South-East Europe needs zero-priced capital to boost growth

DISCLAIMER: All opinions in this column reflect the views of the author(s), not of EURACTIV.COM Ltd.

A Bosnian elderly woman looks a stand with groceries on a street in Sarajevo, during the International Women's Day, in Sarajevo, Bosnia and Herzegovina, 08 March 2018. [Fehim Demr/EPA/EFE]

The region of former Yugoslavia and Albania has long ago been swallowed up by the EU. Yet, it is doomed to permanent marginalisation unless the EU does not open its structural and cohesion funds, or provide other source of zero-priced capital, writes Dušan Reljić.  

Dušan Reljić heads the Brussels office of the German Institute for International and Security Affairs (SWP). The article is republished from the first issue of anew Vienna publication, Business link magazine.

More than 70.000 citizens of the so-called Western Balkans have left their homelands since 2015 and settled, legally, in Germany alone. The migrant track from the region has also reached other EU countries, mostly in the central parts of the continent.

This exodus has significantly contributed to the on-going sharp depopulation of the territory. By 2050, Serbia and Croatia will have, according to UN projections, 15% less inhabitants than now and the rest of the regions will also experience significant drops.

About one quarter of the residents has already left this part of southeast Europe in the past three decades. Arguably, the most important reason for the mass departure is the absence of increase of presently poor middle class incomes, rising inequality and the concentration of political and economic power in the hands of the few privileged.

Most of the employed in the region earn monthly €300 or so. Nationalistic populism is rampant again, recycled by the powers-to-be to conceal their governance failures and blatant democracy deficits. Consequently: Why would anyone with education and skills accept earning forever ten of fifteen times less than in Austria or Germany and being politically sidelined at home?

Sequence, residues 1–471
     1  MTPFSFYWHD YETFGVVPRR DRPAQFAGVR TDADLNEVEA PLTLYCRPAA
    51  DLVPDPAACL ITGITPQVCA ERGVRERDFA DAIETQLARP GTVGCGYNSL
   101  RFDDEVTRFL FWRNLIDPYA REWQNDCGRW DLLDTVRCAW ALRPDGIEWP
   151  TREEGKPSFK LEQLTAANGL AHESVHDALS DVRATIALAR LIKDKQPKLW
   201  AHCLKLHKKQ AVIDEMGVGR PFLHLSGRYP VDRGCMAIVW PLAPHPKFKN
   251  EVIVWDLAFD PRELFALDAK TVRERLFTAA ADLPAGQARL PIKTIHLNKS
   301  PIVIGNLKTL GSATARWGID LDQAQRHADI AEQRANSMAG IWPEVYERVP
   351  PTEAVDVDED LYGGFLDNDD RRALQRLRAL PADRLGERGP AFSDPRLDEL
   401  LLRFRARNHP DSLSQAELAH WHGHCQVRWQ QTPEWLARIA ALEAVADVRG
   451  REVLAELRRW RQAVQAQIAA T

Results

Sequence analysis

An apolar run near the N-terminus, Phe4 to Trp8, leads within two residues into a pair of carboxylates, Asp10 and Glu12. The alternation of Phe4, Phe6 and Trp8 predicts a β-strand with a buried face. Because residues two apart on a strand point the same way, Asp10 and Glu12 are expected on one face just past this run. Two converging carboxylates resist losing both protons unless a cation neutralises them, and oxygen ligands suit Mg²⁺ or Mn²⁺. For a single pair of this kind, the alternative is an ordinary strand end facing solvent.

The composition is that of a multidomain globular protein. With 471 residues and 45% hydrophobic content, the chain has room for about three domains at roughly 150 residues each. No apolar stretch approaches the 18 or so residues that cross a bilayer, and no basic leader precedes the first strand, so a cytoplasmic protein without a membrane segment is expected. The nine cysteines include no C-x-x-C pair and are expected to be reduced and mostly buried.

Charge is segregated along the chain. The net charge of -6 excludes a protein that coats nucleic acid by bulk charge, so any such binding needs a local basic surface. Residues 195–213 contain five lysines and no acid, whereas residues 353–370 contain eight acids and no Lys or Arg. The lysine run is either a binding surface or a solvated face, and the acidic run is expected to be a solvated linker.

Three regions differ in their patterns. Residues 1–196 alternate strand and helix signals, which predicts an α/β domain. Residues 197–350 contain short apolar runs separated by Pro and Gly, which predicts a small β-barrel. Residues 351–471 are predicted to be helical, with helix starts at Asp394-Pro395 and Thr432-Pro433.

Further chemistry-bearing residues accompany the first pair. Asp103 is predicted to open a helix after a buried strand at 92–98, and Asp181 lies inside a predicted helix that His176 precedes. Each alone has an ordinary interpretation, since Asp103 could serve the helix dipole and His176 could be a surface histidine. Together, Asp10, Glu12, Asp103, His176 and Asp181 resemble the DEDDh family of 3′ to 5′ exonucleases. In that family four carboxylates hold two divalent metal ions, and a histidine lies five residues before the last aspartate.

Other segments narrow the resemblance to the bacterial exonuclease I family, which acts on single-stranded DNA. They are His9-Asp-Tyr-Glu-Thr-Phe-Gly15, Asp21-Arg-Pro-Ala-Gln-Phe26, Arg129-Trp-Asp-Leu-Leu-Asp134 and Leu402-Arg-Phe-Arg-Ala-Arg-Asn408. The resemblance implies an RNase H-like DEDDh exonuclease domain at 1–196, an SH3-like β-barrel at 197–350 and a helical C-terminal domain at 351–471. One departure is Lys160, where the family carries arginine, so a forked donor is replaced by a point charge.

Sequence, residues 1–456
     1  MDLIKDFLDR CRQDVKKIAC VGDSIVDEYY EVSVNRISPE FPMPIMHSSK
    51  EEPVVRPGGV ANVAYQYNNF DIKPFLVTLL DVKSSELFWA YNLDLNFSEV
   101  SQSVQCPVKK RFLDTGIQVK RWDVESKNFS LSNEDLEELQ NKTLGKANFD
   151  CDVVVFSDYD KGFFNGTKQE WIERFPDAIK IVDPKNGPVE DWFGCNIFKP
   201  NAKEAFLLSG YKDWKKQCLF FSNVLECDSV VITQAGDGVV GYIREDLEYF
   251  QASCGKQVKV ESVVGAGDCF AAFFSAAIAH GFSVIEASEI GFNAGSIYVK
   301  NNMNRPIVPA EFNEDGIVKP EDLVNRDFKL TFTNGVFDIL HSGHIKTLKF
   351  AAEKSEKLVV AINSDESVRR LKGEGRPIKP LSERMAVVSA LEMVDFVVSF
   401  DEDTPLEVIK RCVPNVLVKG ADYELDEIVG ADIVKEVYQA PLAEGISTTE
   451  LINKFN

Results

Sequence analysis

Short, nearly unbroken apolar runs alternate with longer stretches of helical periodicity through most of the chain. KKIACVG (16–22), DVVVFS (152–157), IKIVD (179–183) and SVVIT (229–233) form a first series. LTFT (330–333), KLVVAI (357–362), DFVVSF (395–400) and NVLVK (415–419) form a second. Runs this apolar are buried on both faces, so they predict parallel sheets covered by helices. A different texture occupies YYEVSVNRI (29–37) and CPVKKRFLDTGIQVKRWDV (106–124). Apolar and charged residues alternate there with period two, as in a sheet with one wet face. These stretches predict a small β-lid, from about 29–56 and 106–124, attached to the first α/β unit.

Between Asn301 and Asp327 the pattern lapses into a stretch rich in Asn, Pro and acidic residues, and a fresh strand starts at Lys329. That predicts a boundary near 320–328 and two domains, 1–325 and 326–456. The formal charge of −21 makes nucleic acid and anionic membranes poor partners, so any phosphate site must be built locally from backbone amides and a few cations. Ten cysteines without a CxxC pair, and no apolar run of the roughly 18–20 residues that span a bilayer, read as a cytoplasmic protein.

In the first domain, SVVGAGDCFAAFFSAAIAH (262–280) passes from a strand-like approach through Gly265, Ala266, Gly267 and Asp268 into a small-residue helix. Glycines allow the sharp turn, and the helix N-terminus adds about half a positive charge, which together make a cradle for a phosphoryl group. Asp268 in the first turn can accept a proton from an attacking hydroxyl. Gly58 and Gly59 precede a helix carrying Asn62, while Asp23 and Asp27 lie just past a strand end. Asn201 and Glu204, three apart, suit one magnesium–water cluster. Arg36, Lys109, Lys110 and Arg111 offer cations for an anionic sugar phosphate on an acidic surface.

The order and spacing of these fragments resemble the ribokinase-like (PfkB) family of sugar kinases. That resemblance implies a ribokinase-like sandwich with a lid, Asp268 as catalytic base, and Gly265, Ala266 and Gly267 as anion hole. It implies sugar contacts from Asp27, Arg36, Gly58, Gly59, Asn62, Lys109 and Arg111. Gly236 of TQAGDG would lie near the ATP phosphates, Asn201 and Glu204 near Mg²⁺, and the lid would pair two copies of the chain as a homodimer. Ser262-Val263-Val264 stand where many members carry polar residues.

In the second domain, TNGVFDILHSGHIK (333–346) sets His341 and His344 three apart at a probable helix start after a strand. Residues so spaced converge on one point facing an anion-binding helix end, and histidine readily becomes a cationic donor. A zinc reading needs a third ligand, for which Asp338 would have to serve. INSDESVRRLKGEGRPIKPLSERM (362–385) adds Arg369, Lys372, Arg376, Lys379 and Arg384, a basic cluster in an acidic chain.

In the future, fewer tax-payers in the region will have to shoulder significant foreign debts which the government incurred after the end of the wars for Yugoslavia´s succession and in the initial phase of the transition to capitalism. The external debt of the six Western Balkans economies in this year amounts, according to the World Bank, to 81.2% of their GDP.

Currently, after many miserable years, GDP growth in the region has accelerated to 4.3%. However, even if the rise of the national output would reach six percent, the region would need about thirty years to converge with the EU average.

As the International Monetary Fund recently warned, the region continues to depend heavily on financial incentives and low wages to attract external investors. Nevertheless, the domestic value-added content did not increase much over time reflecting the largely assembly role of foreign subsidiaries and the concentration in labour-intensive phases of production.

A glance at the map of the continent reveals that the EU geographically surrounds this region with a population which constitutes 3.5% of the number of EU citizens. Measured in trade, investments, market dominance of banks from the EU and the human networks through migrants, the region of former Yugoslavia and Albania has long ago been swallowed up by the EU.

Yet, it is doomed to permanent marginalisation unless the EU does not open its structural and cohesion funds, or provide other source of zero-priced capital, for the development of infrastructure, re-industrialisation and improvement of public goods such as education and the health system.

Everything else, especially the incessant praise in Brussels and in the member states of the “European perspective” of the region, which will open up once the reforms are implemented, amounts to ludicrous spin.

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